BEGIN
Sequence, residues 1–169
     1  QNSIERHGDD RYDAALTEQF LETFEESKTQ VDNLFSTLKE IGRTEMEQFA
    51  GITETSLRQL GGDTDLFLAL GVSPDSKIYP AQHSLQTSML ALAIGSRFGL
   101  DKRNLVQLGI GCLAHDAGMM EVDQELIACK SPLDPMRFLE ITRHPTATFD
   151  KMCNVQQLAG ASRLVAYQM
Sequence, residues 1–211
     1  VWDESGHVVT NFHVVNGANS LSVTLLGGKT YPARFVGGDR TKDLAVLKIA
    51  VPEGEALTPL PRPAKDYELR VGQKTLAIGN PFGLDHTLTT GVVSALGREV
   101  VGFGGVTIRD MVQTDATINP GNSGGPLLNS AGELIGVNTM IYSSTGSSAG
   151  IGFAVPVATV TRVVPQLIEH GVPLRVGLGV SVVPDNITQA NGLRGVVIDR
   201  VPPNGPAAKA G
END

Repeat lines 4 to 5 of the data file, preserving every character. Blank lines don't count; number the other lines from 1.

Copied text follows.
   101  DKRNLVQLGI GCLAHDAGMM EVDQELIACK SPLDPMRFLE ITRHPTATFD
   151  KMCNVQQLAG ASRLVAYQM